Ruth Johnson, 33, who has two children, including a month-old baby, had not been using her usual method of contraception with her fiancée.

She went to the Tesco dispensary in Hewitts Circus, Cleethorpes, Lincs, and asked an as assistant for the pill Levanelle.

Miss Johnson was told it could only be dispensed by the locum pharmacist who was called to speak with her.

She said: "He came out from behind a screen and told me that he would not be allowing me to buy the pill from him because he had a right to refuse to sell it on the basis of his personal beliefs.

"The pharmacist was of Asian origin so I asked him if it was because of his religion and he replied 'Yes'."

Miss Johnson, from Cleethorpes, was left feeling ashamed and worried and complained to the store manager who told her they couldn't force the pharmacist to sell the product.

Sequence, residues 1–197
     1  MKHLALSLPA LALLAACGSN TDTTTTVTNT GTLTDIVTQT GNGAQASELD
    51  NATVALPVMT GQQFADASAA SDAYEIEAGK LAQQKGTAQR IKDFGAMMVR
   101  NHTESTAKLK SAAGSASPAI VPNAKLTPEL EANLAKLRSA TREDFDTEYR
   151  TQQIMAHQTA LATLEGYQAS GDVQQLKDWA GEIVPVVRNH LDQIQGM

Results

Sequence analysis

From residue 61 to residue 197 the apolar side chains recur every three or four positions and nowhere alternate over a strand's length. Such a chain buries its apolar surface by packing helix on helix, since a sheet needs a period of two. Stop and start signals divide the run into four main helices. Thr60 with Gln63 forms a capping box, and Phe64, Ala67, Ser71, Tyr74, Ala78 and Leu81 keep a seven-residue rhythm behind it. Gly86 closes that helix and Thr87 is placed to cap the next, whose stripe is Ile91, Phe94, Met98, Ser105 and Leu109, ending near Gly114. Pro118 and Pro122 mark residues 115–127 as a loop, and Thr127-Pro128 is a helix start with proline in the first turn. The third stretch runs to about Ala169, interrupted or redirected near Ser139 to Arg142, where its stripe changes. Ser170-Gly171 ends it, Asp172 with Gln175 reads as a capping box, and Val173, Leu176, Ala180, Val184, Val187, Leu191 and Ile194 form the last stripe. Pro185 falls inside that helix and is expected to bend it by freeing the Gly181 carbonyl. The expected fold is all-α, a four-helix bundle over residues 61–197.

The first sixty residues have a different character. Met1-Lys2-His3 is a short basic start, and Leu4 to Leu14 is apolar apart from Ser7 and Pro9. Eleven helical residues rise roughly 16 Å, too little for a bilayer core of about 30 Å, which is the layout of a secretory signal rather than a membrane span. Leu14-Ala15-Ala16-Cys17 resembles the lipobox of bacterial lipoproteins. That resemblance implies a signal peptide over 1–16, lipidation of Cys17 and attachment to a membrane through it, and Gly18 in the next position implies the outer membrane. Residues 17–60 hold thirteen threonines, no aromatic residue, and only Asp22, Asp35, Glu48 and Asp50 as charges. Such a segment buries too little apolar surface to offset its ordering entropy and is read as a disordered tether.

She said: "I asked him if a Jewish or Muslim checkout operator could refuse to sell pork or alcohol or if a Jehovah's Witness could refuse to sell birthday and Christmas cards."

Her concern is that the policy could deter teenage girls from seeking the morning-after pill.

"I appreciate we live in a multi-cultural society but what gives him the right to impose his beliefs onto me?" she added.

A Tesco spokesman said the pharmacist was acting within his rights to refuse to sell the pill and the customer was advised where else she could buy the product.

Read the complete original version of this item...